Lessons for NRM from Mugabe’s downfall

Developments in Zimbabwe draw attention to the precarious realities of the day. First, losers in politics do not concede defeat. Democracy is such that there are losers and winners. But a trend is growing where, right from before campaign season, through nominations, campaigns, voting and declaration, those who have not garnered sufficient numbers from the electorate make false and preemptive claims.

Globally, this tendency is a threat to stability. Even in places where the culture of concession is institutionalized such as in the USA, to date, some quarters have never accepted that President Donald Trump carried the day in last year’s election.

A perfect election is what everyone looks out for, but errors and omissions usually do come about. As long as nobody is willing to accept the voter’s verdict unless it favours them, stable leadership is at stake.

Elections are contested under political parties, but most of the parties are in shreds internally. Belonging appears to be for convenience, and not conviction. The NRM, as the light of politics in Uganda, should take note. Intrigue must end unless we are suffering power fatigue.

The party’s national chairman remains the unifying factor, standing above factional politics. With him in control, we can avoid being dragged low like Mugabe was. Camps within Zimbabwe’s Zanu-PF precipitated Mugabe’s downfall as he gravitated towards a weak link.

On discipline, no organized society functions or survives without discipline. Zanu-PF has always been an organized group with considerable control of state affairs but, at the last moment, the collective responsibility gave way to ‘outside’ influence, hence the showdown and a ‘palace coup’.

Locally, we just had a glaring example of indiscipline. A member of parliament, Raphael Magyezi (Igara West), in fulfillment of his duties as a people’s representative and lawmaker, tabled a private member’s bill (for the amendment of Article 102(b) of the Constitution).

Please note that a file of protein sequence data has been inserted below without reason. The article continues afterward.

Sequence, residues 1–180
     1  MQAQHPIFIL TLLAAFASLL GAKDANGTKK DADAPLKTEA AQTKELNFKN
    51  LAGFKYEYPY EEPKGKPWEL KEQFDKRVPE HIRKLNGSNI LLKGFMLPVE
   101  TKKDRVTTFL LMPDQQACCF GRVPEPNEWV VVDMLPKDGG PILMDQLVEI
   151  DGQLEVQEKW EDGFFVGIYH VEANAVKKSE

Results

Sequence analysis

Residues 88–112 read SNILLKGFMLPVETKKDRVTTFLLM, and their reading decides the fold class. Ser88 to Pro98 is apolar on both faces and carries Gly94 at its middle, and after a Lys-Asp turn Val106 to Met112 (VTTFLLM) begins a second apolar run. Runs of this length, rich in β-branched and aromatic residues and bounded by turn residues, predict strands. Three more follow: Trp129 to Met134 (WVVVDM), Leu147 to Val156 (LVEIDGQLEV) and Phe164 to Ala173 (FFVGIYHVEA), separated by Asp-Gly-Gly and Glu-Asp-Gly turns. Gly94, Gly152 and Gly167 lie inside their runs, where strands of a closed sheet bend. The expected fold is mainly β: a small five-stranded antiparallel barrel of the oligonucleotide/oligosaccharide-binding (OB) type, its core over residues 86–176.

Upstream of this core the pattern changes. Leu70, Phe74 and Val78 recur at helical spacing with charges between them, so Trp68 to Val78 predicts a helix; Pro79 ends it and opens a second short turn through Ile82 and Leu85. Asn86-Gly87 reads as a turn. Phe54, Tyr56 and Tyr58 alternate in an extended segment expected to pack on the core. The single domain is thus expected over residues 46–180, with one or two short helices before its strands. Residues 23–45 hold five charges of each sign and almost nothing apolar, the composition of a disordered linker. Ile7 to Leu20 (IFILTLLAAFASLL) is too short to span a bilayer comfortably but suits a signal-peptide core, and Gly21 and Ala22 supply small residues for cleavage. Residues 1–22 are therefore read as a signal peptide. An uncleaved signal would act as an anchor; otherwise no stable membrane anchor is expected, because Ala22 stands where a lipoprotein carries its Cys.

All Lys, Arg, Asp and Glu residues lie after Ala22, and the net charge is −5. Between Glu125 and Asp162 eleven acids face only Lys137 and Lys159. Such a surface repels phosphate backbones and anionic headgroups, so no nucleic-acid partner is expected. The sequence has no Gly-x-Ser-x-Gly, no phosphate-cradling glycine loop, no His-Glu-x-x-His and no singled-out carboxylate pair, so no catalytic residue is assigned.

His proposed law was endorsed by cabinet and NRM’s central and national executive committees. The NRM caucus, to which Magyezi belongs, had given him timely backing too.

But that did not stop some members from going off track. And in doing so, they have gone to extremes; they side with the opposition, revel in red ribbons and speak ill of other members.

These are people for whom the national chairman of the party campaigned and they hold the party card to date. But they feel that the party owes them the world while they are free to offend. Dissent is allowed and open; but these are extremists we are talking about. If not tamed, they are enemies within and very dangerous.

In Zimbabwe, youths weren’t party to the revolution but they have since assumed key leadership positions. They wish to have a major say on the direction of Zanu-PF even though they did not participate in its struggles.

Many of them are not well-versed with Zanu-PF’s history and ideology but they were working on a revolution within a revolution, thereby clashing with the hand that nurtured them.

Youths must educate themselves on the core principles of revolutionary parties. NRM’s principles are nationalism, social and economic transformation, pan-Africanism and democracy.

A youthful revolution devoid of the key values and principles of management, cohesion and discipline is a disaster. They are easy to mislead, which may imperil a country.

Another dangerous trend is abuse and misuse of the media, now made the more absurd with social media. While Zimbabwe’s military commanders denied that they were targeting President Mugabe, the media was giving a different narrative, thereby precipitating a different situation from what was envisaged. Anti-government circles always use the media to discredit and overwhelm it.

In Uganda, the opposition used the media to incite and mislead the public on the bill on land amendment until President Museveni intervened and neutralized the threat. Now they are quiet, hanging on ‘age limit’.

They falsely claim that the amendment qualifies as instilling life presidency, a mythical state inapplicable in today’s Uganda. When Museveni hits the airwaves on this, they will be left in disarray.

The office of the national chairman will remain busy looking into these things. The broader membership is called upon to wake up to the reality and take remedial action. Our opponents should not shape our party for us.

The author is a senior presidential advisor and personal assistant to the NRM national chairman.


Milly B. Babalanda, in observer.ug, 24.11.2017
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